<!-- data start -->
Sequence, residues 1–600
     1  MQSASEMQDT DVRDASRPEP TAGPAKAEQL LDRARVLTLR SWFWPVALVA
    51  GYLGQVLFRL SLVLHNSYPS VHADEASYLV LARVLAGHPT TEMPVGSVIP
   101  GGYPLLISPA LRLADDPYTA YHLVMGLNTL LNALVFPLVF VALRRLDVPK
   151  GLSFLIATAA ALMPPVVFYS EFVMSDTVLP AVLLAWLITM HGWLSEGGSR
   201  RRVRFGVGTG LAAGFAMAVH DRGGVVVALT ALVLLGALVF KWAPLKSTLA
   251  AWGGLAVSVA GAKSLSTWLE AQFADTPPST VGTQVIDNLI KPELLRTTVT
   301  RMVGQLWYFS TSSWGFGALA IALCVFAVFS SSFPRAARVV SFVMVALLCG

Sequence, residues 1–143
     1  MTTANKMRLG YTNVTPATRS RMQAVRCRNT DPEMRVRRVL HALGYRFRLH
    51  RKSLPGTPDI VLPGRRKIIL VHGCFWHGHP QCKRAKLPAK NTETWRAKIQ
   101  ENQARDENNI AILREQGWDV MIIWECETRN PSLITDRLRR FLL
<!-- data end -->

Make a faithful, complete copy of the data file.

Sequence, residues 1–600
     1  MQSASEMQDT DVRDASRPEP TAGPAKAEQL LDRARVLTLR SWFWPVALVA
    51  GYLGQVLFRL SLVLHNSYPS VHADEASYLV LARVLAGHPT TEMPVGSVIP
   101  GGYPLLISPA LRLADDPYTA YHLVMGLNTL LNALVFPLVF VALRRLDVPK
   151  GLSFLIATAA ALMPPVVFYS EFVMSDTVLP AVLLAWLITM HGWLSEGGSR
   201  RRVRFGVGTG LAAGFAMAVH DRGGVVVALT ALVLLGALVF KWAPLKSTLA
   251  AWGGLAVSVA GAKSLSTWLE AQFADTPPST VGTQVIDNLI KPELLRTTVT
   301  RMVGQLWYFS TSSWGFGALA IALCVFAVFS SSFPRAARVV SFVMVALLCG

Sequence, residues 1–143
     1  MTTANKMRLG YTNVTPATRS RMQAVRCRNT DPEMRVRRVL HALGYRFRLH
    51  RKSLPGTPDI VLPGRRKIIL VHGCFWHGHP QCKRAKLPAK NTETWRAKIQ
   101  ENQARDENNI AILREQGWDV MIIWECETRN PSLITDRLRR FLL